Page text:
Money Talk Podcast, Friday March 19, 2021
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Landaas & Company newsletter March edition now available.
Advisors on This Week’s Show
(with Max Hoelzl and Joel Dresang, engineered by Jason Scuglik)
Week in Review (March 15-19, 2021)
No major announcements
A month after federal payments to households boosted consumer spending sharply, retail sales receded 3% in February. A report by the Commerce Department showed overall spending at stores was still 6.3% ahead of where it was the year before, after which sales dropped off dramatically because of the COVID-19 pandemic. The only place sales rose in February was at gas stations, where prices have been increasing. Retail spending accounts for about two-thirds of consumer spending, which drives about two-thirds of U.S. economic output. Although retail sales overall rose from the year before, bars and restaurants continued to struggle while online shopping has increased.
Extraordinary winter storms in the South hit U.S. industrial output in February, setting back total production 2.2%, the first decline in five months, according to the Federal Reserve. Manufacturing output fell 3.1% from January, including a 14.5% drop-off for chemical materials production, largely based in the South. The Fed said even excluding weather effects, industrial production would still be behind its level before the pandemic. Capacity utilization fell to 72.3%, only the second monthly decline since hitting a record low of 64.2% last April. Lower capacity usage suggests less pressure for inflation. The capacity rate hasn’t hit the long-term average of 79.6% in nearly 13 years.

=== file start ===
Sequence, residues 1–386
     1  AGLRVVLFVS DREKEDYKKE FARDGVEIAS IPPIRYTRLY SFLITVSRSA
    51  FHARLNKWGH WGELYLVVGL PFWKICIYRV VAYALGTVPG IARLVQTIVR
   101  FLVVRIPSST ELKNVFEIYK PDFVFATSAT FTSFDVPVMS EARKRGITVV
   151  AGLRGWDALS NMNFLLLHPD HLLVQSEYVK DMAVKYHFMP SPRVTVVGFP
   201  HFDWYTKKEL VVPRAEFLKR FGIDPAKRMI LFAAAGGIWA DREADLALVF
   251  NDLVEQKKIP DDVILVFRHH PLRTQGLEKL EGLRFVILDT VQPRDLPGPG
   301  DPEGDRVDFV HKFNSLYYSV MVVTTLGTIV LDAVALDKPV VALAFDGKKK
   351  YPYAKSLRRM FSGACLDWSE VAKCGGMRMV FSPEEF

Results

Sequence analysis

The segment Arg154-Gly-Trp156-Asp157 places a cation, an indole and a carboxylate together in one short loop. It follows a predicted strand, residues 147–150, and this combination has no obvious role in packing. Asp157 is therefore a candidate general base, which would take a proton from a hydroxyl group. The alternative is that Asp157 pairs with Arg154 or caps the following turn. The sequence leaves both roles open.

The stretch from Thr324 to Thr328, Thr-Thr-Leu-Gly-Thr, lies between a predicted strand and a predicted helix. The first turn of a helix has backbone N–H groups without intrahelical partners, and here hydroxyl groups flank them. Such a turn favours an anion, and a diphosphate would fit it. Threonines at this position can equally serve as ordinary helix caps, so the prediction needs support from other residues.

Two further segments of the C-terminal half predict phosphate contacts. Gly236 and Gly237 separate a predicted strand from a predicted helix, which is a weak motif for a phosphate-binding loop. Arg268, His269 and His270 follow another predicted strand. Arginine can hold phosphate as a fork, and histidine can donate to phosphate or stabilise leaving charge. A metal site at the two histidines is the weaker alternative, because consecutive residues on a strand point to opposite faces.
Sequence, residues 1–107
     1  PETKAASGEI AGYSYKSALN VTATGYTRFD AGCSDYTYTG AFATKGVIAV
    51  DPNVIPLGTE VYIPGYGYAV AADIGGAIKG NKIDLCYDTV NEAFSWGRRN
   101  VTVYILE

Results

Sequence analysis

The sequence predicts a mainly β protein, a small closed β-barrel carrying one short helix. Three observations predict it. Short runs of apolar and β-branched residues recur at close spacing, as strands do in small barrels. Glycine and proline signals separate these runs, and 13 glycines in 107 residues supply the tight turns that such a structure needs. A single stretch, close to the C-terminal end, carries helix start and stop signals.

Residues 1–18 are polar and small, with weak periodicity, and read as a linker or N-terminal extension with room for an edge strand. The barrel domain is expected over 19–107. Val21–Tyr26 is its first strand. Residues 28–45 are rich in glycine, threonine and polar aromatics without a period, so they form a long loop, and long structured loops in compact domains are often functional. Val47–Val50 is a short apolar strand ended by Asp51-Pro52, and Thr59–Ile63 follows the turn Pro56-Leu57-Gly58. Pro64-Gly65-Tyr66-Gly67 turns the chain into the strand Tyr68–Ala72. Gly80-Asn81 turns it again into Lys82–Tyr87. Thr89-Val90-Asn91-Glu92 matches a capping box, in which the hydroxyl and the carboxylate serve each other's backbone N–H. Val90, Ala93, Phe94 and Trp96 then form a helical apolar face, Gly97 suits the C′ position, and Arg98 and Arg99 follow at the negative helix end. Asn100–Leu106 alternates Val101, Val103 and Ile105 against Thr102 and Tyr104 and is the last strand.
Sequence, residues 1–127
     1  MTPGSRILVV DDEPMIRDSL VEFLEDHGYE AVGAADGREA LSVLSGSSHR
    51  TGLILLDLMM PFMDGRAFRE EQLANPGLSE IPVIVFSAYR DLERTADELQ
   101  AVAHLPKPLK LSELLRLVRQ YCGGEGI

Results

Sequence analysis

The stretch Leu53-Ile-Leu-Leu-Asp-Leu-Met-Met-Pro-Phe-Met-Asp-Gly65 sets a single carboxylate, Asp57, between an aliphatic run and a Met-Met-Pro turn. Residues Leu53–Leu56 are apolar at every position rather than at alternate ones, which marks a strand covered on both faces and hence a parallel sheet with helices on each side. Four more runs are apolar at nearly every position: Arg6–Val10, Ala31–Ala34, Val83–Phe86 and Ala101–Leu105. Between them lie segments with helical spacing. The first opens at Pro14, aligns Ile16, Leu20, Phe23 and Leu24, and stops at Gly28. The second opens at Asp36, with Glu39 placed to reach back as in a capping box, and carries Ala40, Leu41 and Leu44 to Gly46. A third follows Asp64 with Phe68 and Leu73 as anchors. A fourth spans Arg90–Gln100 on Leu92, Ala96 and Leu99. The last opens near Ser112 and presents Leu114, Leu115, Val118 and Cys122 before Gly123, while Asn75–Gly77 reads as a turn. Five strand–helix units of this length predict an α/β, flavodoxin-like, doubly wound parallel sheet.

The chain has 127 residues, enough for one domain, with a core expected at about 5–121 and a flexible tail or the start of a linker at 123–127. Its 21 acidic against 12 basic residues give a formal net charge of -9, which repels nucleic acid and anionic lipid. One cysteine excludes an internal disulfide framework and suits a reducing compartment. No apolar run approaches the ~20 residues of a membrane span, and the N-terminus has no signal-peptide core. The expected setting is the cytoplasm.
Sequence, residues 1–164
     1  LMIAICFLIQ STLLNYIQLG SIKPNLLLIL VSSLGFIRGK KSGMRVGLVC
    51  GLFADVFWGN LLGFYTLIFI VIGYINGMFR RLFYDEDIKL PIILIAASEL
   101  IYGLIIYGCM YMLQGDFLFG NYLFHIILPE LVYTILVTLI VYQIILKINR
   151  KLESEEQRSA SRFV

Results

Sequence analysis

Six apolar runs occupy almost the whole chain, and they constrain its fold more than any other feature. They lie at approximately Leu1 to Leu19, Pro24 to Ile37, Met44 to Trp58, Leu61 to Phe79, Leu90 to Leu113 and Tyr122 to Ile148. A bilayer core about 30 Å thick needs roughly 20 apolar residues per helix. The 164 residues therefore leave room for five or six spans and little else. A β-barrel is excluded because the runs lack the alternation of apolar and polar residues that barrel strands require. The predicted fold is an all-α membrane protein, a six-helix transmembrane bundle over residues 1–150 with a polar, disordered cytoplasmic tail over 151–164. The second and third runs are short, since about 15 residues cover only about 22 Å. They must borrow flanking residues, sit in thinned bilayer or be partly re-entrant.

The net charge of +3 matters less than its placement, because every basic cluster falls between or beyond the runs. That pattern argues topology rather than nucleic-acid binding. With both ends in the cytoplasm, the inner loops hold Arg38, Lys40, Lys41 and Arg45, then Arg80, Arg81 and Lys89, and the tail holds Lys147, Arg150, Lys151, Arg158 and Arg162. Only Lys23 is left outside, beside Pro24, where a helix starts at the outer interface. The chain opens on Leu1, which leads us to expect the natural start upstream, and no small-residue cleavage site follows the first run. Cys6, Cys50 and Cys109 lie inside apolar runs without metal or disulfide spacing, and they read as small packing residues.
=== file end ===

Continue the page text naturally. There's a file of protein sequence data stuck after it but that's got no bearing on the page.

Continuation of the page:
Despite a slower pace in both housing starts and building permits in February, a joint report from the departments of Commerce and Housing and Urban Development suggested continued progress for the housing industry. Overall, new residential construction remained near 14-year highs, although a bit lower than recent peaks. The pace of houses under construction as well as those just completed remained elevated, which offered encouragement amid longstanding signs of housing shortages.
The four-week moving average for initial unemployment claims fell for the sixth week in a row, dipping below 750,000 new applications for the first time since Thanksgiving. According to Labor Department data, the level continued to decline from a record of nearly 5.8 million average claims in April but remained more than double the 55-year average and well above the pre-pandemic high. More than 18 million Americans were receiving jobless benefits in the latest week, compared to 2.1 million at the same time last year.
The Conference Board’s index of leading economic indicators rose 0.2% in February, suggesting continued momentum for the U.S. economy. The pace was down from 0.5% in January and 0.4% in December. The business research group noted that an acceleration in vaccinations and additional stimulus payments were not fully captured yet in the indicators. It cited winter storms as causes of possibly transitory setbacks in a couple of indicators, including factory hours, building permits and consumer optimism. The Conference Board forecast 5.5% economic growth in 2021.
No major announcements
MARKET CLOSINGS FOR THE WEEK
- Nasdaq – 13215, down 105 points or 0.8%
- Standard & Poor’s 500 – 3913, down 30 points or 0.8%
- Dow Jones Industrial – 32630, down 149 points or 0.5%
- 10-year U.S. Treasury Note – 1.73%, up 0.10 point
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